Six teams of deaf and hard-of-hearing students from Rochester Institute of Technology’s National Technical Institute for the Deaf adapted to a virtual presentation format for this year’s Next Big Idea business competition.
Student presenters from as far away as Dubai shared their ideas for new businesses that positively impact deaf and hard-of-hearing communities. Judges reviewed finalists’ projects and asked questions through remote technology.
First place and $5,000 went to the student team representing MoWay, a solution to help reduce collisions on walkways and in road traffic.
The wearable device is designed to help people who walk as part of their exercise routines avoid collisions with anyone walking behind them. A chip attached to individuals’ smartphones connects to wearable devices that vibrate when cued, detecting people or objects up to 10 feet away. The team — Emma Foster, of Bangor, Maine; Taylor Harris, of Rochester; and Jayha Smith, of West Henrietta — hopes to have the chip included in student and faculty/staff university ID cards.
The student team from SmartPillow presented two concepts to win second place and $3,000. The first is a pillow designed to connect to a phone or tablet using an app with a wake-up alarm and emergency notifications. The second allows the pillow’s app to connect to household alerts such as smoke/carbon detectors, doorbells, car alarms and baby alarms, while including the original option concepts. The app uses the individual’s smartphone charger to plug into the pillow and phone.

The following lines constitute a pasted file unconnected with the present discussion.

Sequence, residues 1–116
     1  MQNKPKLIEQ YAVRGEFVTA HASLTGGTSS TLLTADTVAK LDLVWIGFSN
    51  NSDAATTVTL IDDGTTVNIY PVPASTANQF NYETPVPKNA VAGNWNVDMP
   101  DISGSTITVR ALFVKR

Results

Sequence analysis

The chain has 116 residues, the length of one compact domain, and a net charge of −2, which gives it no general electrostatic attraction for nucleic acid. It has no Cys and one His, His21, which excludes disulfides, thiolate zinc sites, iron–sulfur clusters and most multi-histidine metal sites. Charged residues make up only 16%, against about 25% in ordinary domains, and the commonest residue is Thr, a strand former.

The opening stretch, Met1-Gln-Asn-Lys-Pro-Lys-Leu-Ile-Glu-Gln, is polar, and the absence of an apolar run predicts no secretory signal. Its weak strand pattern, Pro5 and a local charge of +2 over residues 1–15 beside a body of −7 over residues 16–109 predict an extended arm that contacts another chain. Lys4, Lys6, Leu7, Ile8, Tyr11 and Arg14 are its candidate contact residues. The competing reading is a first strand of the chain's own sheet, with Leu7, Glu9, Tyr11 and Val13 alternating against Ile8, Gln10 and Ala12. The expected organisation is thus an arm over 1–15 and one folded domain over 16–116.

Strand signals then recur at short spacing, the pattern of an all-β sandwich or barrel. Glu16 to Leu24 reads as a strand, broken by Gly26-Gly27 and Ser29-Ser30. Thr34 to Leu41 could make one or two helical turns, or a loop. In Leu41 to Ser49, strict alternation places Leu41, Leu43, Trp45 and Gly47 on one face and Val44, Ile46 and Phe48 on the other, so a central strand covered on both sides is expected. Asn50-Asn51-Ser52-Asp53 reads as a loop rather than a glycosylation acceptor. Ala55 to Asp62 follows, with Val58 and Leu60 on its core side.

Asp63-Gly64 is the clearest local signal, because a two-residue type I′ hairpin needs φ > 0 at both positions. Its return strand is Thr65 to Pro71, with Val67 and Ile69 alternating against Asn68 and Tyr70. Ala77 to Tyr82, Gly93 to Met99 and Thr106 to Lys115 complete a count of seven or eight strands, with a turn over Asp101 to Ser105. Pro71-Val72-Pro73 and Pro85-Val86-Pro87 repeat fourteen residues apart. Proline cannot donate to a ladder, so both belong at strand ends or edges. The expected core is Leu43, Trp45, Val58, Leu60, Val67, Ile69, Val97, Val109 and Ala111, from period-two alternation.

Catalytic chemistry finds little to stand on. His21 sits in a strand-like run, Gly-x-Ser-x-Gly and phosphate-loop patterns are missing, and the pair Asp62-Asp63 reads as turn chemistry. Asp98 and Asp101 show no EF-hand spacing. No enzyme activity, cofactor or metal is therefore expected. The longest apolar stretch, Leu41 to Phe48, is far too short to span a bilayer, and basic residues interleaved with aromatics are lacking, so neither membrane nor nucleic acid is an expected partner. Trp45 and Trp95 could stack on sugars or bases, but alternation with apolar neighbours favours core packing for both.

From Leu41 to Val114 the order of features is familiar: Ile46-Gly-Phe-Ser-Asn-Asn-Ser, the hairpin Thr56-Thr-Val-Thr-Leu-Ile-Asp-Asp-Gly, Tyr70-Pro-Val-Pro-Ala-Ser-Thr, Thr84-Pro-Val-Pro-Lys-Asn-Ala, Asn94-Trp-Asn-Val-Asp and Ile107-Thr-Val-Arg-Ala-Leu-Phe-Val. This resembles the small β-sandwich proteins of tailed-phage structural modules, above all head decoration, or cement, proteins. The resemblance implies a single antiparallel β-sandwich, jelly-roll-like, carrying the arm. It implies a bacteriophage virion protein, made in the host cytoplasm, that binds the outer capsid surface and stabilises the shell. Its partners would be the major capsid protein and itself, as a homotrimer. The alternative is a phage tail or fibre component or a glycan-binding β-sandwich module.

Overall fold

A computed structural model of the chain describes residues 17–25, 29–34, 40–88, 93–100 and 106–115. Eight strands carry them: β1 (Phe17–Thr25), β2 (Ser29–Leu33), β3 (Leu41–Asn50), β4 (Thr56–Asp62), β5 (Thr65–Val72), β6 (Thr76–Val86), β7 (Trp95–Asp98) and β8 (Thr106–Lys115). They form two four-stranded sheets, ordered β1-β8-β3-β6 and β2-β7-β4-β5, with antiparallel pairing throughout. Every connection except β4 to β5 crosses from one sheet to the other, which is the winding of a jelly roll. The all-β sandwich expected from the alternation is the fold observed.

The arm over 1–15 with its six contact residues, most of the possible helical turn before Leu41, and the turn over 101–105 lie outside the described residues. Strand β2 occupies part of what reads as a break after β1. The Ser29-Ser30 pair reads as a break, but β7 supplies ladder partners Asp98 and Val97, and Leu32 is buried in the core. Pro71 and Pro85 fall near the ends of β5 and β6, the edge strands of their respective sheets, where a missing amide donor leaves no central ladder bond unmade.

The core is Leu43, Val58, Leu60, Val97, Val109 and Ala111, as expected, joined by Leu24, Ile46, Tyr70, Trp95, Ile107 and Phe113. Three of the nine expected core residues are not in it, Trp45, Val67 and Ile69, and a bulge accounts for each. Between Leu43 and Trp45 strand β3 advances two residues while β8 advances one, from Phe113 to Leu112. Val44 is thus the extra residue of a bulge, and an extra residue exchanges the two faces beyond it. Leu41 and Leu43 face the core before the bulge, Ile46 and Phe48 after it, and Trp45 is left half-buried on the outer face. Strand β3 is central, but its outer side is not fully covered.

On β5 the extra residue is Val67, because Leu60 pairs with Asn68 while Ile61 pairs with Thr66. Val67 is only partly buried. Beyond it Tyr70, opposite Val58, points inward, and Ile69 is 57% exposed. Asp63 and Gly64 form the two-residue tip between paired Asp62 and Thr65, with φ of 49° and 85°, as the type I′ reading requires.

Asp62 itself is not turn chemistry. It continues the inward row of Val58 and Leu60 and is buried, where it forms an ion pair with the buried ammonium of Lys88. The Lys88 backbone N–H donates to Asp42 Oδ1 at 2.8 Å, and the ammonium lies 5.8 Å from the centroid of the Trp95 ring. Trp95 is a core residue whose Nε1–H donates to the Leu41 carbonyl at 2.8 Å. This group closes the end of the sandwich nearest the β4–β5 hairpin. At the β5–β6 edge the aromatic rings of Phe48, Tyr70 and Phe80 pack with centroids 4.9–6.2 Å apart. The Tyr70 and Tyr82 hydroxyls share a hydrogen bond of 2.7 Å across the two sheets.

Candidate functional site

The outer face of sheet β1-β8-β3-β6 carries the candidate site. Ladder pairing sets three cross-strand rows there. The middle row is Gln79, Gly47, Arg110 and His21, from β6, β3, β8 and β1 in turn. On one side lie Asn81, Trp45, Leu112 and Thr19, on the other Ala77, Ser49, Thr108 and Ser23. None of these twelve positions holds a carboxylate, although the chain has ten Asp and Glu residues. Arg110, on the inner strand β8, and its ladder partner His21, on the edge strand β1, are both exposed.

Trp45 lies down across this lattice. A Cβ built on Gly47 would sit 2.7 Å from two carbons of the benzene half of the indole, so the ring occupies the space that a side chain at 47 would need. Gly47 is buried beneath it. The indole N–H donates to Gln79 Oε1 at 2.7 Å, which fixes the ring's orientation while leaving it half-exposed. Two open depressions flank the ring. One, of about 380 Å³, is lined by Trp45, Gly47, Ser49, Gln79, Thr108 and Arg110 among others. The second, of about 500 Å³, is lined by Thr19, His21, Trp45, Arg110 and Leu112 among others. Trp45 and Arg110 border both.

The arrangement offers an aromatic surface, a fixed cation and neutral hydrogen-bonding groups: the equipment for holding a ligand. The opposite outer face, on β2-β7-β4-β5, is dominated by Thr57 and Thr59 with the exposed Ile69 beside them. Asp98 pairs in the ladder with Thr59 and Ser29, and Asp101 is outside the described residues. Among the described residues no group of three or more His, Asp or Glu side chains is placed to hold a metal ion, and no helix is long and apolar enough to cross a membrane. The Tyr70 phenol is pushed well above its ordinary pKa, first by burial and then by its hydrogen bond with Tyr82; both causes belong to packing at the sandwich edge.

The SmartPillow team is Adi Alghifi from RIT’s Dubai campus and JayShaud Potter, of Battle Creek, Michigan.
Third place and $2,000 went to the student team from BLAW, a smart, portable battery checker. The product, designed for automobiles, utility/sports vehicles and boats, is based on the personal experience of one of the presenters, where a boat battery had to be constantly charged. They were unable to hear an audible notification signifying the battery was overcharged and, as a result, the battery was irreversibly damaged.
The new technology is connected via Bluetooth and notifies users if the batteries are fully charged, need to be charged or need replacing. If battery replacement is needed, the app shows nearby stores with available batteries. The BLAW team is Christian Flemming, of West Henrietta, and Braden Ketchum and Tanner Ketchum, of Buda, Texas.
Other competing projects were Smart CC by Connor Switenky, of Frederick, Maryland, and Gabriel Veit, of Austin, Texas; Vinzic by Cody Johnson, of Rochester, and Edie Wilson, of Folly Beach, South Carolina; and Lifpass by Louise Applegate, of Framingham, Massachusetts, and Faith Benton, of Rochester.
“We were impressed with how the students were able to present their proposals,” said Dawnmarie Caggiano, business manager at contest sponsor ZVRS. “It clearly showed their creativity and willingness to adapt to change, especially when we are unsure of how long this pandemic will go on. Each of the teams did a great job and we are extremely proud of all of them.”